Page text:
Posts tagged survey
Tree Climb and Inspect surveys for bats – why are we such fans?

LSC have three CS38 qualified ecologists who also hold Natural England bat licences which permit them to climb trees and inspect potential roost features (PRFs) for bats. We have been undertaking these surveys for over five years and have recorded inspections of thousands of trees in this timeframe. The traditional approach for surveying trees for bats is to conduct dusk and dawn emergence/re-entry surveys from the ground but ,whilst this still has its place, we think that the climb and inspect option has many advantages. Here are just a few:

Speed

Trees come in all shapes and sizes and inspecting a mature oak with many features can take half a day or more. On the other hand, we have climbed and comprehensively inspected 25 semi-mature trees in a single day before, but 8-10 trees a day is a good average to work on. Surveys of 16x trees would take a team of 2 surveyors a week of dusk/dawn surveys to assess, so it’s easy to see that deploying a pair of climbers to inspect these in two days would be much more efficient.

Understanding

An inspection of a PRF at height allows the surveyor to fully understand a feature. Does it extend upwards, is it clean or dirty, does it even provide a roosting opportunity at all? From the ground, a good surveyor has to be precautionary and assume that an apparent feature might be a PRF – however from an aerial inspection, we frequently confirm that 50% or more of apparent PRF’s are in fact unsuitable for bats and can be ruled out. Conversely when the feature really is good with high potential for bats, we can identify this and grade the PRF accordingly.

Efficiency

When we get to a feature, we would search not only for live bats in residence, but for evidence which suggests they have been there recently. This includes a search for bat droppings, or for other tell-tale signs of recent occupation such as smoothing of the cavity. An aerial inspection can identify conclusive evidence which spans several nights, compared with the individual snapshot of the emergence survey which can only tell you if a bat was in residence on that occasion.

Knowledge

The climber who has inspected hundreds of PRF’s at height has a much better idea of how a feature viewed from the ground might look when they’re in up the tree. Climbing is a great opportunity to check and correct your assumptions and bring this knowledge to the next assessment you undertake. Our climbers have developed this experience over a wide range of projects and can use the knowledge to provide you with an expert ground-level assessment as well as a confident and efficient aerial inspection service.

 

We work extensively throughout the Midlands and the rest of the UK. In August of this year, our climbers have completed inspections in Warwickshire, Essex, Nottinghamshire and Derbyshire. For more information on our aerial inspection services, follow this link!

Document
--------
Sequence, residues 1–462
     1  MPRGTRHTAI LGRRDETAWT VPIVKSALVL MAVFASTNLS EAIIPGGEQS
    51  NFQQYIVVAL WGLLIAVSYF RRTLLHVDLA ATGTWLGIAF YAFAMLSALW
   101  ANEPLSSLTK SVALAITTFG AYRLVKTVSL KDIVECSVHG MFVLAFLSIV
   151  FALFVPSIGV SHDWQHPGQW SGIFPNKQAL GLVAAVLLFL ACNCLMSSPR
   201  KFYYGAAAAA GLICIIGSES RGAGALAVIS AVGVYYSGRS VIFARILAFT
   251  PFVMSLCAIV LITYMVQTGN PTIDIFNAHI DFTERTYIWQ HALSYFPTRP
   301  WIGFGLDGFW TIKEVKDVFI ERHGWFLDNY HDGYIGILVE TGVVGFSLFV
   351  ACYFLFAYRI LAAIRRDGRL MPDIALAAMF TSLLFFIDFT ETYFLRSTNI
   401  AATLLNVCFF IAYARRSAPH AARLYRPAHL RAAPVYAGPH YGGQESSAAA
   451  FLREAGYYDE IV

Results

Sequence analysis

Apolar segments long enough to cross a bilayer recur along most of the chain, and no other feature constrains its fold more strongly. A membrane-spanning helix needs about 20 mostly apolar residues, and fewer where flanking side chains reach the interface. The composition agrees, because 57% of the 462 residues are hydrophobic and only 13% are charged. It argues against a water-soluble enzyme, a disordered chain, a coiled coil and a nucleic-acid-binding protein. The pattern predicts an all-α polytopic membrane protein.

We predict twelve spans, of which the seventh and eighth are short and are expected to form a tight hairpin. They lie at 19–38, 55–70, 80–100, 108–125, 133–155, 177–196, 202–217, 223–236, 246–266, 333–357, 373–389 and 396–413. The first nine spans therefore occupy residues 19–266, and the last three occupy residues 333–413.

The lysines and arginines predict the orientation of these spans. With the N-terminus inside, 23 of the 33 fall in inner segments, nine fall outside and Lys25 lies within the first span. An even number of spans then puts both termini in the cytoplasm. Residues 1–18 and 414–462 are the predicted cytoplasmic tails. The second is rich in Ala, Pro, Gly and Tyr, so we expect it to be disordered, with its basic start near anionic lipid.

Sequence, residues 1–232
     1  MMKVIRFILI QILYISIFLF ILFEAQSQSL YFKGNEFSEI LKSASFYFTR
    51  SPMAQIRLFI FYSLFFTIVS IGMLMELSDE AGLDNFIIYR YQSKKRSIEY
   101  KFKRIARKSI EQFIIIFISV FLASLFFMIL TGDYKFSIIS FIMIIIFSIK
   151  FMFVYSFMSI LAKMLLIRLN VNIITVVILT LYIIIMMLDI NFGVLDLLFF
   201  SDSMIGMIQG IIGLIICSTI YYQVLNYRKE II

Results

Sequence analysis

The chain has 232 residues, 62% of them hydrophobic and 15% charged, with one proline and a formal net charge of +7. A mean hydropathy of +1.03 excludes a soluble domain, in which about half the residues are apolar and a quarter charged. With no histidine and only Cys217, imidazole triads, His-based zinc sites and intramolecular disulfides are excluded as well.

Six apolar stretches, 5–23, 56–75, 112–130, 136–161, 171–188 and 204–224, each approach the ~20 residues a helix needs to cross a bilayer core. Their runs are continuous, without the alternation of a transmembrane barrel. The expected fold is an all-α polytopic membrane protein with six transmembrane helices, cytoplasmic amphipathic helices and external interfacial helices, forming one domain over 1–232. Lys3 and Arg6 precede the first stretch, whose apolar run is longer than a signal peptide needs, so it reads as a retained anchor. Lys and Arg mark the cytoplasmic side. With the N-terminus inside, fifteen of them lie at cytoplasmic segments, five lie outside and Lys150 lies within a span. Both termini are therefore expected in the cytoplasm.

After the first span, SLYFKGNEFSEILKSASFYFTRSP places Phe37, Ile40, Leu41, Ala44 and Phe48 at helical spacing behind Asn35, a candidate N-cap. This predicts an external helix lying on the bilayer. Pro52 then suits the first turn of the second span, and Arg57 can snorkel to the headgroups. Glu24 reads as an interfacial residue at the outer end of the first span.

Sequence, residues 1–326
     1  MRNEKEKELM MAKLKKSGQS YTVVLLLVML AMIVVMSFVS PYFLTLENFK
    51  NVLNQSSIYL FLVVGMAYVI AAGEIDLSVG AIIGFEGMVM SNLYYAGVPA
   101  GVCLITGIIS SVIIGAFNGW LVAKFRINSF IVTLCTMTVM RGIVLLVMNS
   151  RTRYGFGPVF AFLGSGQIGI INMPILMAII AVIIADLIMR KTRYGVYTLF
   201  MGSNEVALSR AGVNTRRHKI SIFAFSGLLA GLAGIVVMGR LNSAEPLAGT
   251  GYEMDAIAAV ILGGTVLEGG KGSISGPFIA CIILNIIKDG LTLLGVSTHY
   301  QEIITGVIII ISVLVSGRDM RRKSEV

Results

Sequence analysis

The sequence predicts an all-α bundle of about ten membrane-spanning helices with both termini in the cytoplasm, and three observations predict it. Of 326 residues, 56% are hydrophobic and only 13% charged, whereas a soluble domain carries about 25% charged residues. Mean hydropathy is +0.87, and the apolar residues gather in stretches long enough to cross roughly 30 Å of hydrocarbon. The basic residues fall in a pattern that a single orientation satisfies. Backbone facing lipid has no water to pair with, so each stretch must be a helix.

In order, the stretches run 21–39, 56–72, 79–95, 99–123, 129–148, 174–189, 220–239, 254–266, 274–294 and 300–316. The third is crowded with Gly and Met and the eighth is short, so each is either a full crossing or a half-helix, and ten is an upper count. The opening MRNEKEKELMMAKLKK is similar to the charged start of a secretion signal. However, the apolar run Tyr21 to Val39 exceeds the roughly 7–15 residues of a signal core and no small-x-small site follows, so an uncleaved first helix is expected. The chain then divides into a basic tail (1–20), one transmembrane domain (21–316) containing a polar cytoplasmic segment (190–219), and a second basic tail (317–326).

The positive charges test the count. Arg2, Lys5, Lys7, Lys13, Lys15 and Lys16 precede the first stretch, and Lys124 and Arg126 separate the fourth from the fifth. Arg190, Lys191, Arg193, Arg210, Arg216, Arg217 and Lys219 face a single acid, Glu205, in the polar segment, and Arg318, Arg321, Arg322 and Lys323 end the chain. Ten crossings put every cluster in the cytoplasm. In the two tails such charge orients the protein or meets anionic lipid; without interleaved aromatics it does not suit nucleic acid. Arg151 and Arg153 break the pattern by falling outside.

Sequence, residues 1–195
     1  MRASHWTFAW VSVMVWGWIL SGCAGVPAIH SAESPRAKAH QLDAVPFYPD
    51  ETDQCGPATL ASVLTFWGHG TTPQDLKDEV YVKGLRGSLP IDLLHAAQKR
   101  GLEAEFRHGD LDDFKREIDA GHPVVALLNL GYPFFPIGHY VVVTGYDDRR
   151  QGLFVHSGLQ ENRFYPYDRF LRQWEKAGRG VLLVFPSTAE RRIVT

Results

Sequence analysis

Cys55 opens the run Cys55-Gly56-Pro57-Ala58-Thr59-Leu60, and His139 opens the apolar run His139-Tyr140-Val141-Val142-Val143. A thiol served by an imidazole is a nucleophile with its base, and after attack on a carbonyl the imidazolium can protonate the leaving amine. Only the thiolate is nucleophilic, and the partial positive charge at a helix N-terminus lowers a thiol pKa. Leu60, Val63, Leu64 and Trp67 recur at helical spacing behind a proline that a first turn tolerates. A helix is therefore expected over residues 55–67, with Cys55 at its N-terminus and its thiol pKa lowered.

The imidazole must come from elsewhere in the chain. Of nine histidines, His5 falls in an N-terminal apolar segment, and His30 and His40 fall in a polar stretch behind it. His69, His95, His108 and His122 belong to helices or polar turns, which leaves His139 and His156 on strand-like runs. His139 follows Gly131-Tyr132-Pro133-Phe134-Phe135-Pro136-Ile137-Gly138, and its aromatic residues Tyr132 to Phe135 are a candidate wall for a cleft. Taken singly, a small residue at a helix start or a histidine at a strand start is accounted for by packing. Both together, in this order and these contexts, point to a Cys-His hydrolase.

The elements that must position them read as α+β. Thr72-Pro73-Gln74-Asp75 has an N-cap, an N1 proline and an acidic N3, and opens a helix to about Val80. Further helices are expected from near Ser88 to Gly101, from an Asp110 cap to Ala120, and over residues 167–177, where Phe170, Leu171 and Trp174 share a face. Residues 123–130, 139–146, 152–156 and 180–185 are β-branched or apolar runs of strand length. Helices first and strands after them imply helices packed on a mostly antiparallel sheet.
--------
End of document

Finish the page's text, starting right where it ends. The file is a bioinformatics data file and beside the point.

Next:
Oak woodland tree climb.jpg
Bat surveys and Mitigation Strategy for a local Church

LSC were approached by Allan Joyce Architects to assess a local church for roosting bats. The lead had been stolen from the church over the summer and had been patched to keep out the rain, but a quick renovation using a lead-replacement material was needed to prevent further damage from occurring.

LSC undertook an internal and external inspection of the church during the daytime and found evidence of bats, including live bats roosting in the church itself and droppings on the church floor. Two of our surveyors returned to the church at dusk and dawn to assess how bats were using both the internal and external features of the church. We identified three roosts situated around the church, but only one of these had the potential to be affected by the proposed roof replacement works. Careful inspection of the roost location, and dialogue with the architects, confirmed that works could proceed at an appropriate time of year without disturbing the roost or any bats present within it. LSC consulted with the Local Planning Authority (LPA) Ecologist to provide our client with confidence that the recommended approach would be agreed at Planning.

Having received Planning Permission, the roofing works proceeded in the autumn under the supervision of one of LSC’s licenced bat workers, to make sure that the church was protected from the winter weather. The pragmatic and site-specific assessment conducted by LSC meant that there was no need for an EPS licence to undertake these works, avoiding additional costs for the church and time delays to the renovation works.

Allan Joyce architects said “we were delighted with the prompt & helpful advice that enabled us to resolve which security measures to install that would not disturb the bats but will protect the church from future thefts”.

A church near Melton Mowbray in Leicestershire where LSC undertook a building inspection and dusk/dawn emergence and re-entry surveys for roosting bats to support a planning application for essential roof repair works.

A church near Melton Mowbray in Leicestershire where LSC undertook a building inspection and dusk/dawn emergence and re-entry surveys for roosting bats to support a planning application for essential roof repair works.